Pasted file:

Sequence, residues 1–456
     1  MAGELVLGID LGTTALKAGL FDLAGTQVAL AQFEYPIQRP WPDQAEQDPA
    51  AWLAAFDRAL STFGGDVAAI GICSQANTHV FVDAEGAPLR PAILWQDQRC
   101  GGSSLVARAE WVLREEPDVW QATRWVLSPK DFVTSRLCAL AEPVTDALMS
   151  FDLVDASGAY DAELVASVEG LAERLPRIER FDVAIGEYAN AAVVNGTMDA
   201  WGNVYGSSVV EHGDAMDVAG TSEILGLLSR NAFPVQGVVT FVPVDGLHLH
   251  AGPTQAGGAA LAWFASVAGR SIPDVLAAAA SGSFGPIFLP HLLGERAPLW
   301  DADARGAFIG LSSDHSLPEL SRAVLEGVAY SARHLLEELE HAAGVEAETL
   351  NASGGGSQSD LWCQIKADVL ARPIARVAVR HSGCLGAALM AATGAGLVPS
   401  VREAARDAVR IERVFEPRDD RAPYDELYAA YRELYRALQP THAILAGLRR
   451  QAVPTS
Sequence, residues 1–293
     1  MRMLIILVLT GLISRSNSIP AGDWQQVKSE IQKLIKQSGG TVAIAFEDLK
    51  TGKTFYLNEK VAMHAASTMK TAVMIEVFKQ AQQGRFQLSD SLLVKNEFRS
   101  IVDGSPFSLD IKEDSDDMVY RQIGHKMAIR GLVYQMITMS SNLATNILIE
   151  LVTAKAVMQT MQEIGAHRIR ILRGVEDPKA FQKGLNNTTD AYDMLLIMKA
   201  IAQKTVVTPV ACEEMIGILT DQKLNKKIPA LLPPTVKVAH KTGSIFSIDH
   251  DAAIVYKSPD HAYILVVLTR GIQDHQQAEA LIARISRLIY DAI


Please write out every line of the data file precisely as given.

Sequence, residues 1–456
     1  MAGELVLGID LGTTALKAGL FDLAGTQVAL AQFEYPIQRP WPDQAEQDPA
    51  AWLAAFDRAL STFGGDVAAI GICSQANTHV FVDAEGAPLR PAILWQDQRC
   101  GGSSLVARAE WVLREEPDVW QATRWVLSPK DFVTSRLCAL AEPVTDALMS
   151  FDLVDASGAY DAELVASVEG LAERLPRIER FDVAIGEYAN AAVVNGTMDA
   201  WGNVYGSSVV EHGDAMDVAG TSEILGLLSR NAFPVQGVVT FVPVDGLHLH
   251  AGPTQAGGAA LAWFASVAGR SIPDVLAAAA SGSFGPIFLP HLLGERAPLW
   301  DADARGAFIG LSSDHSLPEL SRAVLEGVAY SARHLLEELE HAAGVEAETL
   351  NASGGGSQSD LWCQIKADVL ARPIARVAVR HSGCLGAALM AATGAGLVPS
   401  VREAARDAVR IERVFEPRDD RAPYDELYAA YRELYRALQP THAILAGLRR
   451  QAVPTS
Sequence, residues 1–293
     1  MRMLIILVLT GLISRSNSIP AGDWQQVKSE IQKLIKQSGG TVAIAFEDLK
    51  TGKTFYLNEK VAMHAASTMK TAVMIEVFKQ AQQGRFQLSD SLLVKNEFRS
   101  IVDGSPFSLD IKEDSDDMVY RQIGHKMAIR GLVYQMITMS SNLATNILIE
   151  LVTAKAVMQT MQEIGAHRIR ILRGVEDPKA FQKGLNNTTD AYDMLLIMKA
   201  IAQKTVVTPV ACEEMIGILT DQKLNKKIPA LLPPTVKVAH KTGSIFSIDH
   251  DAAIVYKSPD HAYILVVLTR GIQDHQQAEA LIARISRLIY DAI